Eugene, OR
27 months ago: This is a question of basic human rights. People that are LGBT have the same rights as everyone else. The Commander in chief has simply commanded the military to stop discriminating against and persecuting people, and to uphold the Constitution.

Until 1967 many states had anti-miscegenation laws and two thirds of the public supported this bigotry. The KKK and most of the racists in the country no doubt thought their freedom of speech were being attacked when the Supreme Court in Loving Vs. Virginia declared that these laws were unconstitutional.

A lot of that racism is still there, they just don't talk aloud about it. It took a long time to convince people that blacks in the military were good for anything more than peeling potatoes and doing service jobs for the whites, but commands from the higher ups eventually stopped racist officers from assigning blacks the crap jobs. Today there is still a lot of racism, instead of being open about their racism, they spread nonsense like the President not really being a US citizen so they don't feel compelled to follow their leader and Commander in Chief.

The attitudes of homophobes are also not going to go away just because it is unconstitutional. They just come out with nonsense like being ogled in the showers.

Six is right, Gay folk have been taking showers with straight folk forever and there have been no problems, because the gay folk are not dumb enough to make a big deal of it. On the other hand, why do prisoners have to worry about picking up dropped soap, when almost everyone in prison is heterosexual?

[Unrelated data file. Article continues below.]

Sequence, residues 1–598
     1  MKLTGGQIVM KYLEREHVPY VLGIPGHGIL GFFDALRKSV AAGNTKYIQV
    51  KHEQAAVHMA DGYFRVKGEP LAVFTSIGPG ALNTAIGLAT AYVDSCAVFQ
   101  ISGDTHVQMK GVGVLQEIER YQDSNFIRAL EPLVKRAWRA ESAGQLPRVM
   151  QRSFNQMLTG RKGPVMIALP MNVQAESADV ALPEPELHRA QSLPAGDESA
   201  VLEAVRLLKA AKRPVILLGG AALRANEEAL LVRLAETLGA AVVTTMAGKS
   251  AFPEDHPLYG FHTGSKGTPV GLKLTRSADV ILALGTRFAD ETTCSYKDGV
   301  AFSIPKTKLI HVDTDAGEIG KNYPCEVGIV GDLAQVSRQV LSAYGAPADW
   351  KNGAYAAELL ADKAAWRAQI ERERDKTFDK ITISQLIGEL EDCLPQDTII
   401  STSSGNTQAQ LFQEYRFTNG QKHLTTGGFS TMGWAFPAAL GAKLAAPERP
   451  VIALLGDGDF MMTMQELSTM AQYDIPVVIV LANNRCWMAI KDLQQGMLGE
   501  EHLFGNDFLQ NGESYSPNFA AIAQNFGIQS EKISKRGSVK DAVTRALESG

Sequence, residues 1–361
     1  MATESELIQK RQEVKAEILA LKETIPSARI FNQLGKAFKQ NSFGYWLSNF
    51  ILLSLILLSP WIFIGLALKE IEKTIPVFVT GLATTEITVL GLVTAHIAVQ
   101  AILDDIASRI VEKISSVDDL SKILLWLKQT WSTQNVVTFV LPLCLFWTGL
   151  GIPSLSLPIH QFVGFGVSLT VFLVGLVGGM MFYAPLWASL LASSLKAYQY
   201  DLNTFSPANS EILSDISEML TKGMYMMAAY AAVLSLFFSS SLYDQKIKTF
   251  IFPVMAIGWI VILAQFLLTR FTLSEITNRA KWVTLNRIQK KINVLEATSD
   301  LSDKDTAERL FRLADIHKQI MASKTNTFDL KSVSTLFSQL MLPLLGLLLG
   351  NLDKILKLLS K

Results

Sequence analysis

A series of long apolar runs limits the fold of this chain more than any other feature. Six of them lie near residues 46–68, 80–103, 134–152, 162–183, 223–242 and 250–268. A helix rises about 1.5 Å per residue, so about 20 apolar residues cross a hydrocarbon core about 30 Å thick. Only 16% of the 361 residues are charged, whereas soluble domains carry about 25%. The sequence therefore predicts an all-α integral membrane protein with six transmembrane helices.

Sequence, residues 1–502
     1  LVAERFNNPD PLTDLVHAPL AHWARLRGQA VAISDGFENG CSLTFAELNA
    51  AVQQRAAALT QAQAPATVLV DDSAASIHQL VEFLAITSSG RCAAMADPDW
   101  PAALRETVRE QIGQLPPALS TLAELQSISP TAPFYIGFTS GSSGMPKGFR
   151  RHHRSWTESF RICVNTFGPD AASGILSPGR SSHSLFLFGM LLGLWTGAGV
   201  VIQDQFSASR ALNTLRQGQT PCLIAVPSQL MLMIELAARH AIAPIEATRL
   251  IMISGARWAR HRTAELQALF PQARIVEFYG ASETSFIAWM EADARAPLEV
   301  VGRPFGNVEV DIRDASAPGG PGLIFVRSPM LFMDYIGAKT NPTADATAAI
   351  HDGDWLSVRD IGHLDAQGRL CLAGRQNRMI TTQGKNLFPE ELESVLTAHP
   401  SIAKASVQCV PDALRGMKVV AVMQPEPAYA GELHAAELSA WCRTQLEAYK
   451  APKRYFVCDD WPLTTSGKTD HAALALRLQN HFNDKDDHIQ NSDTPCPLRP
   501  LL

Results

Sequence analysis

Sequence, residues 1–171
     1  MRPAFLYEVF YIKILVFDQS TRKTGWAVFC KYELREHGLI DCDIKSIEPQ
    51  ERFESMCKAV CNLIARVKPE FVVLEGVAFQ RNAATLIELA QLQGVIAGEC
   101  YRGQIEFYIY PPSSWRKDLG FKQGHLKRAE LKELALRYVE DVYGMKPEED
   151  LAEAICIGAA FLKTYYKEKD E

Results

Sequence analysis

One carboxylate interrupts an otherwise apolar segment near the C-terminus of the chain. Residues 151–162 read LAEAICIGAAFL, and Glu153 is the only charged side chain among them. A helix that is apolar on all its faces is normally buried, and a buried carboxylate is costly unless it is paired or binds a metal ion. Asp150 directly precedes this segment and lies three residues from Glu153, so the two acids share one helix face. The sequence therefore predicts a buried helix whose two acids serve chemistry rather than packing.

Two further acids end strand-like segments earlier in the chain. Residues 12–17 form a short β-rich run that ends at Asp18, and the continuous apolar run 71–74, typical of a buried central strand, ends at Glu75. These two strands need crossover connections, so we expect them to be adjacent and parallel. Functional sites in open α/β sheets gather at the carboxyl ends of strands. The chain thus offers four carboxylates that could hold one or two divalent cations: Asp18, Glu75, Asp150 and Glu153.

27 months ago: I agree with putting a stop to discrimination of those that are LGBT, yet now there seems a reverse discrimination and preferential treatment of them, that in turn may cause also a negative effect. The problem I am revealing is with the command of superior officers to censor any reports that show that this repeal isn't working. This agenda is biased from the start... silencing the negative, while grandstanding those same stats to prove "all is well". Is that your kind of honesty?

"Part of the impression that is now in the public has been caused by the Department of the Defense refusal to allow chaplains and other service members who have expressed problems with this repeal," Crews, USAR retired, told The Christian Post. "They have denied them the opportunity to speak openly about these problems while at the same time, Department of the Defense officials are highlighting how this repeal has benefitted soldiers and military personnel who engage in homosexuality."

As to your comment about "almost everyone in prison is heterosexual" is just like a LGBT Fundamentalist to not include the bisexual inmates !:]
Eugene, OR
27 months ago: It depends on how you define repeal not working. the article you cited said it is way too early to tell if the repeal is working but there are still a lot of homophobic chaplains refusing to perform gay weddings. The test is whether gay members of the military can perform their duties, and all indications are that they can and have.

I have long been aware there are a lot of different sexual behavior out there. Kinsey reported that there is a broad spectrum of sexual behavior with 37% of males having sex with other males although only 1-3% describe themselves as Bi and 7-8% as homosexual.
27 months ago:

Have a read.

Think they were coerced into their statements?